1. Sirius (Alpha Canis Majoris) Apparent Magnitude-1.44 Size (LY) 9
2. Canopus (Alpha Carinae) Apparent Magnitude-.62 Size (LY) 313
3. Arcturus (Alpha Bootis) Apparent Magnitude-0.05 Size (LY) 37
4. Rigel Kentaurus (Alpha Centauri) Apparent Magnitude-0.01 Size (LY) 4
Centaurus lies low in the sky and is impossible to see from most of the United States. It contains within it the closest star, other than the sun, to the solar system, Proxima Centauri. This is a companion star to Rigel Kentaurus, also known as Alpha Centaur, lying a mere 4.36 light years away. A modest telescope will split it as double. The brighter is a yellow class G dwarf star that, with a temperature of 5770 Kelvin (10 degrees cooler than solar), appears almost identical to the Sun. The companion, over a magnitude fainter, is a cooler (5300 Kelvin) class K star, the two making an obvious color contrast.
5. Vega ( Alpha Lyrae) Apparent Magnitude0.03 Size (LY) 25
Lyra is an ancient constellation easily seen high in the northern skies. It is visible in the summer and fall. Its close proximity makes it unusually bright-- 54 times the brightness of our sun. Vega is a classic white main sequence star. Because of its massive size, 2.5 times that of our sun, it uses its internal fuel faster and will burn out in less than a billion years.
6. Capella ( Alpha Aurigae) Apparent Magnitude0.08 Size (LY) 42
Auriga was one of the earliest constellations named and represented shepherding. The brightest star, Capella, meant she goat, and the stars below were thought of as kids. Capella is yellow-white and in the middle of the temperature range. It is the best known double star, both components of which are larger and brighter than the sun.
7. Rigel ( Beta Orionis) Apparent Magnitude0.18 Size (LY) 773
Orion is one of the oldest and most recognized constellations.Orion is large and easy to find. It contains many bright stars and in the belt are three very bright stars lined up in a row. Rigel represents Orion's foot. Although it is Orion's beta star, it is brighter than the alpha star Betelgeuse. It is a "blue supergiant," a fairly hot star with a surface temperature (11,000 Kelvin) about double that of our Sun.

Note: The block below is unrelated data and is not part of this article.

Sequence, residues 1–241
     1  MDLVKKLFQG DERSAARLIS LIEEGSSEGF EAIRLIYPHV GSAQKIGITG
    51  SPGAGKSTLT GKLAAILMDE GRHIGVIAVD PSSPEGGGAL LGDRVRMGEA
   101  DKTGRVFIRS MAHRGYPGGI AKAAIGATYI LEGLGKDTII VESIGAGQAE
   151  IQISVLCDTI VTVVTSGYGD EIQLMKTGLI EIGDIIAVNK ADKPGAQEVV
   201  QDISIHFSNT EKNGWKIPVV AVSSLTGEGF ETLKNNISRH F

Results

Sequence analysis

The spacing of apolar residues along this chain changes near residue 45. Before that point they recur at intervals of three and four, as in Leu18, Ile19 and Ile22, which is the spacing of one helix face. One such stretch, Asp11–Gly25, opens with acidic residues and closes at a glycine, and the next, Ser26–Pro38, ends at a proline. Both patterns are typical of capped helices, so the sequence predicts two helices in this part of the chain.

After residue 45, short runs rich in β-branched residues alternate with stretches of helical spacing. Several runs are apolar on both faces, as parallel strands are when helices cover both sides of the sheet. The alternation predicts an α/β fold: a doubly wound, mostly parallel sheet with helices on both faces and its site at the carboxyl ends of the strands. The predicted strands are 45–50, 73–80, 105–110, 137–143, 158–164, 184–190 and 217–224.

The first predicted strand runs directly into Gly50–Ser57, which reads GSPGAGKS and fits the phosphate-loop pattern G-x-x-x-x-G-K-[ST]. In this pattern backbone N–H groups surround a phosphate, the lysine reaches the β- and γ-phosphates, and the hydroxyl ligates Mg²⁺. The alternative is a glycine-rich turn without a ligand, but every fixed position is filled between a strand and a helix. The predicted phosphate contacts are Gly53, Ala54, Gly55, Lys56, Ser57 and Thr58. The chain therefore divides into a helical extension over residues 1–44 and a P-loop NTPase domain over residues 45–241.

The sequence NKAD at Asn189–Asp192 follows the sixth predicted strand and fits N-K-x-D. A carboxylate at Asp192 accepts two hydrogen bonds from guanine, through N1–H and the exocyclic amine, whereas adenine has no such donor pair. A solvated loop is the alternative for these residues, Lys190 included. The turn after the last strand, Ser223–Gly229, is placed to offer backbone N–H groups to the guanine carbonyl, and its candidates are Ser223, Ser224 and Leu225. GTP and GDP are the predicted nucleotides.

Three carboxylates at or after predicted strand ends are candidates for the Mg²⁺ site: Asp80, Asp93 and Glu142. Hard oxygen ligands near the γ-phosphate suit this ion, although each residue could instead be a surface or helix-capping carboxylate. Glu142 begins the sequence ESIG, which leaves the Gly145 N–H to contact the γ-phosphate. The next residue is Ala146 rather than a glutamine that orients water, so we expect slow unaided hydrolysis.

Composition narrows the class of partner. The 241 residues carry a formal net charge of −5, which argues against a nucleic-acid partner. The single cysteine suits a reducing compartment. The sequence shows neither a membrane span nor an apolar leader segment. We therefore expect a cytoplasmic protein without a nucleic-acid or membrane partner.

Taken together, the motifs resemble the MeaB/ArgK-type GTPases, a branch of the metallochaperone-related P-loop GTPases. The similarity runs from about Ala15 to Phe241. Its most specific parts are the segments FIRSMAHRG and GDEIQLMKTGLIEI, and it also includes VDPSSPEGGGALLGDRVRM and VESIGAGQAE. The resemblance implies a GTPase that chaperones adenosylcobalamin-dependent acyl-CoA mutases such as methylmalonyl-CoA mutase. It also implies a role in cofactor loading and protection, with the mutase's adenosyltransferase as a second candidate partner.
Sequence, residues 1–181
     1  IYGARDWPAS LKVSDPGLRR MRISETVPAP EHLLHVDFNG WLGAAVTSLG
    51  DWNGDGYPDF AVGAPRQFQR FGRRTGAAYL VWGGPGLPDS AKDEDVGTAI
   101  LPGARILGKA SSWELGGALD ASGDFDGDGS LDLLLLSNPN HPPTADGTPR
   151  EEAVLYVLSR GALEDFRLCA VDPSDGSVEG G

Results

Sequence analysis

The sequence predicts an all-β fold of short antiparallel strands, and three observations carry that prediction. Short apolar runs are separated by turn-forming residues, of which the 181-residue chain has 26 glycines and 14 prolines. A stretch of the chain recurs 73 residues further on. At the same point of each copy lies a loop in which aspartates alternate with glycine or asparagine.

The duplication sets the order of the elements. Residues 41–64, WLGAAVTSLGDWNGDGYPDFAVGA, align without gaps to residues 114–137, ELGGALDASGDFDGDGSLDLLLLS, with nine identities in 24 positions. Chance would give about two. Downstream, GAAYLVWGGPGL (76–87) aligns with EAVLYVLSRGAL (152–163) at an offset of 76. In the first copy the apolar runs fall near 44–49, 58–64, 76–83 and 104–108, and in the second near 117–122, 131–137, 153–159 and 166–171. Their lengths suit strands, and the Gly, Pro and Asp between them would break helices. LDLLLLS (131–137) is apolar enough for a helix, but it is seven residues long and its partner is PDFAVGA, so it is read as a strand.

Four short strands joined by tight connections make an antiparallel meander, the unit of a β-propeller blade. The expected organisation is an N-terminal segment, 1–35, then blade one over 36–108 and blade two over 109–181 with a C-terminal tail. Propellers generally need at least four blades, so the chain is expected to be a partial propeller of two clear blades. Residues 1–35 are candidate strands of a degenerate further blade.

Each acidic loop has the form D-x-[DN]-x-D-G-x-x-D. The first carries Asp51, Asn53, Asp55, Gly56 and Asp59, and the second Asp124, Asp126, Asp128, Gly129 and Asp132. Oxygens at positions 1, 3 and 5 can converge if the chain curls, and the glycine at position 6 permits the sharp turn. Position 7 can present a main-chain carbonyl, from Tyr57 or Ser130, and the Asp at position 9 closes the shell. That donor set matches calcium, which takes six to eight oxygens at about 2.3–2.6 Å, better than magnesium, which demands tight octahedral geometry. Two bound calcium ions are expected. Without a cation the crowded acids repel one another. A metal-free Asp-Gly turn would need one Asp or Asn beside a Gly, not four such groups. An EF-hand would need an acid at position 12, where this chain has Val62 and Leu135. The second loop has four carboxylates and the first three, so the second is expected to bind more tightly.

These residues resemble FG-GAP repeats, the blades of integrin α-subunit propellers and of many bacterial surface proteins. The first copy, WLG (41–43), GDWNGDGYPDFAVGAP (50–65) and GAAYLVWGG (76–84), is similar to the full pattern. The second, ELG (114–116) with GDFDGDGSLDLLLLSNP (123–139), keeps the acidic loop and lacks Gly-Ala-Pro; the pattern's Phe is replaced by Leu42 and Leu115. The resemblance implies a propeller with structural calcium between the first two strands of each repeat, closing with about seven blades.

8. Procyon ( Alpha Canis Minoris) Apparent Magnitude0.40 Size (LY) 11
Canis Minor is the smaller of the the two hunting dogs used by Orion. The constellation is one of the smallest in the sky and is composed primarily by only two bright stars, one of which is Procyon. A white class F subgiant-dwarf, Procyon radiates with the power of 6.9 Suns, having a surface temperature of 6530 Kelvin. Procyon has a faint companion star, Procyon B, was not actually seen until 1896, its existence was known as early as 1844 because of the star wobble it exserts on Procyon A.
9. Betelgeuse ( Alpha Orionis) Apparent Magnitude0.45 Size (LY) 522
The great star Betelgeuse is one of the two that dominate mighty Orion of northern winter, the other Rigel, the pair respectively called Alpha and Beta Orionis.
10. Achernar ( Alpha Eridani) Apparent Magnitude0.45 Size (LY) 144
Achernar is a bright blue star of six to eight solar masses . Although classified as a main sequence (dwarf) star, it is thousands of times brighter than the Sun . It is visible in the southern part of the night sky. It remains permanently below the horizon from many densely populated portions of Earth 's northern hemisphere. From those Southern hemisphere countries from which it can be seen best, it is particularly conspicuous through being highest in the night sky in November.
11. Hadar (Beta Centauri) Apparent Magnitude0.61 Size (LY) 526
Hadar, less often known as Agena (from the "knee" of the Centaur), is quite the magnificent star: rather, stars. Visually, Alpha Centauri is notably brighter than Hadar, but only because (ignoring Proxima) it is the closest star to the Earth. At a distance of 335 light years, Hadar, a blue class B (B1) giant, is 77 times farther away, and is bright because it is truly luminous.
12. Altair (Alpha Aquilae) Apparent Magnitude0.76 Size (LY) 17
Altair, the 13th brightest star in the sky and the Alpha star of Aquila the Eagle, is also the southern anchor of the famed Summer Triangle , which it makes with Vega and Deneb . The Arabic name "Altair," reflective of the constellation itself, comes from a phrase meaning "the flying eagle." Though the constellation does not look much like its name, Altair itself is flanked by a pair of stars (the Beta and Gamma stars Alshain and Tarazed ) that really do remind the sky- gazer of a bird with outstretched wings.
13. Acrux ( Alpha Crucis ) Apparent Magnitude0.77 Size (LY) 321
Crux (Southern Cross)
Among the most famous constellations in the sky is a "modern" one that is quite invisible from most of the populated northern hemisphere: Crux , the Southern Cross. Some 60 degrees below the celestial equator, Crux is well-visible only roughly south of the Tropic of Cancer (a good reason to go to Hawaii). From nearly all the temperate southern hemisphere, Crux is circumpolar (never setting).